HC Deb 18 May 1820 vol 1 cc475-8

On the order of the day for receiving the report of this bill,

Mr. Curwen

said, he could not but deeply lament, that, in the present state of the country, ministers had not recommended and acted upon that system of economy, the necessity for which was so universally admitted. Instead of the measure now before them, he had hoped that ministers, on the part of the Crown, would have stated that a considerable diminution of the civil list expenditure was intended; because, however desirable it was to support the dignity of the Crown, still, at a period like the present, the sufferings and privations of the people ought to be attended to and removed as much as possible. With this feeling, he conceived the greatest ornament of the Crown at this moment would be economy and retrenchment. Everyman who felt the real state of the country must be convinced that its prosperity could alone be hoped for by considerably diminishing the public expenditure. He regretted that a proposition of that kind had not been made on the part of ministers, particularly with reference to the civil list. He conceived that a well-con- sidered diminution of that expenditure would at once conduce to the true dignity of the Crown, and be found in every point of view serviceable to the country.

Mr. Monck

observed, that the allowances granted to our ambassadors and envoys were extravagant and enormous. He did not wish the country to be niggardly towards those individuals, but he conceived that it would not be derogatory to the dignity of this government if they were put on the same footing as one of the greatest monarchs of Europe—he meant the king of France—placed the ambassadors of that nation. He was credibly Informed that there were but two classes of French ambassadors, the higher and the interior. The members of the first class were paid 6,000l. a year each, with the single exception of the ambassador to the court of London, who, in consequence of the high rate of living in this metropolis, was allowed 200,000 francs, or about 8,000l. sterling. Now, our principal ambassadors had not less than 12,000l. a year; and the salaries of our ambassadors at the inferior courts varied from 5,000l. to 4,000l. and 3,000l. Thus this government gave, as nearly as could be, double the allowances granted to the ambassadors of one of the first monarchs in Europe. This made a difference, on the whole, of nearly 80,000l. a year, or, in other words, our government were paying 80,000l. annually more than was paid by the French government for similar service. Such a saving was important at all times, but particularly so in the present circumstances of the country.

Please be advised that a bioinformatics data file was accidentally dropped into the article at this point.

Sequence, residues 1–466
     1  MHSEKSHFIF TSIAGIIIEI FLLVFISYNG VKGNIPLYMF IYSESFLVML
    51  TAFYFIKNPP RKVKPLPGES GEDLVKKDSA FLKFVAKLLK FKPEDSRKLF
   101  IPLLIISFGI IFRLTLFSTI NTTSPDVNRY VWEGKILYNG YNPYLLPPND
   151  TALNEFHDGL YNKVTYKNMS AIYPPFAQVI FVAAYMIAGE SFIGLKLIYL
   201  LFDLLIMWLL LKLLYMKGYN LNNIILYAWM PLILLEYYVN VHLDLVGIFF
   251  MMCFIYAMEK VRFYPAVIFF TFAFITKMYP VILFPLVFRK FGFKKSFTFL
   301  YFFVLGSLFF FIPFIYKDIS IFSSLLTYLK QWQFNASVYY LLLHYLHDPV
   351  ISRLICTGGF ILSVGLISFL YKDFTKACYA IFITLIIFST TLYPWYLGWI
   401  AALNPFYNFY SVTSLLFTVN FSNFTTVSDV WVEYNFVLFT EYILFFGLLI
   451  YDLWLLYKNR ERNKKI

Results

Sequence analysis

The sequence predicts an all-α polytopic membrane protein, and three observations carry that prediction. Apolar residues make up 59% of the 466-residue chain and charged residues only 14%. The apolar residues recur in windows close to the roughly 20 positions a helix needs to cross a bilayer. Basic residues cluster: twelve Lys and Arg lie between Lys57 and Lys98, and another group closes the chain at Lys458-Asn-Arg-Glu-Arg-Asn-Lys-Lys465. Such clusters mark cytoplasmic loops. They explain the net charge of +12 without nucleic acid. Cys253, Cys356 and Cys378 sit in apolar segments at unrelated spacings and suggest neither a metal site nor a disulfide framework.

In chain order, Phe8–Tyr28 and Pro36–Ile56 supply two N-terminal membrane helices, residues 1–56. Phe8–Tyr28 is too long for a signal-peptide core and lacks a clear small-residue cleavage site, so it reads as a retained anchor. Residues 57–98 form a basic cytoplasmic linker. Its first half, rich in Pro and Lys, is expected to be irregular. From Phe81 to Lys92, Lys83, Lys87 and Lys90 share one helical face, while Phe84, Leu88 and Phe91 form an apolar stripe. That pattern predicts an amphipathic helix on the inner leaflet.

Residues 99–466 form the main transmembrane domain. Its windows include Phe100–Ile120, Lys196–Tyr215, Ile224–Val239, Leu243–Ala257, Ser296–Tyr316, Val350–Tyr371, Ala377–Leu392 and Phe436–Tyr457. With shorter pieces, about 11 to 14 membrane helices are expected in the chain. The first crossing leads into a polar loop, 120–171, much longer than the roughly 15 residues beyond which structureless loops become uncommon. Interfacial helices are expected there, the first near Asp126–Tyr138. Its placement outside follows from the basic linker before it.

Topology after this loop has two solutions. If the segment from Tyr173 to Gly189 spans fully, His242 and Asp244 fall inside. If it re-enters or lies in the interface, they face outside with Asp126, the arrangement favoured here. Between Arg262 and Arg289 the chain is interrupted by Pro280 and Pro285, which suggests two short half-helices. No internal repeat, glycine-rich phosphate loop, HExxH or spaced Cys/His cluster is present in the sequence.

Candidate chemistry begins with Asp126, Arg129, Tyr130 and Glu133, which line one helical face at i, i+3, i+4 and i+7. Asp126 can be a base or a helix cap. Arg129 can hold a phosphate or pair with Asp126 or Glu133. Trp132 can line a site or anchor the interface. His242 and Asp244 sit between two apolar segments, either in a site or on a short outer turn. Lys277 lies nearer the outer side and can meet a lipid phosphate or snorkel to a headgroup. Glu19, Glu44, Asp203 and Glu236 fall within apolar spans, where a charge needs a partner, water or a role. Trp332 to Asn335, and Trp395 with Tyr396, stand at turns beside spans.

Lord Castlereagh

said, that in 1815 a committee of the House of Commons investigated this branch of expenditure and recommended that the present allowances should be granted. That recommendation was acceded to without opposition; and the provision then suggested, and which was made on a general view of the subject, had been continued ever since. Prior to that period particular sums were granted for particular branches of expense to which our ambassadors were liable, but it was thought better to give a specific salary. He could assure the hon. member that the subject had undergone a great deal of consideration, with a view to the greatest possible economy, and at the same time to avoid impoverishing or embarrassing individuals employed as ambassadors. There were, at the former period, large demands under the head of extraordinaries, which created much embarrassment; and it was therefore thought expedient to do away with claims of that description, and to give in lieu of them a fair and liberal addition to the rate of salary to our ministers abroad. With respect to the observation made by the hon. member relative to the course pursued by the French government, he did not think it was an infallible criterion as to the amount of salary which British ambassadors should receive, that, because other courts only paid certain sums, they were bound to follow the example.